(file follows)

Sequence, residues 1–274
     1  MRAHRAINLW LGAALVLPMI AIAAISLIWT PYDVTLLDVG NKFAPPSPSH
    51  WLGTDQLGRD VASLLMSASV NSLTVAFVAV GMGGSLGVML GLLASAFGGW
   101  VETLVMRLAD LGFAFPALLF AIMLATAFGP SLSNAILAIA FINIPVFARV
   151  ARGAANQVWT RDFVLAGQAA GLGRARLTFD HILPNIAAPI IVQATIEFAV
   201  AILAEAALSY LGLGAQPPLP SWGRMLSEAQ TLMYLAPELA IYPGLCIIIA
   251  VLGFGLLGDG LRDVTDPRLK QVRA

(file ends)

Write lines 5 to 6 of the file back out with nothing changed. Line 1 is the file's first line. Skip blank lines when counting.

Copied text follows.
   151  ARGAANQVWT RDFVLAGQAA GLGRARLTFD HILPNIAAPI IVQATIEFAV
   201  AILAEAALSY LGLGAQPPLP SWGRMLSEAQ TLMYLAPELA IYPGLCIIIA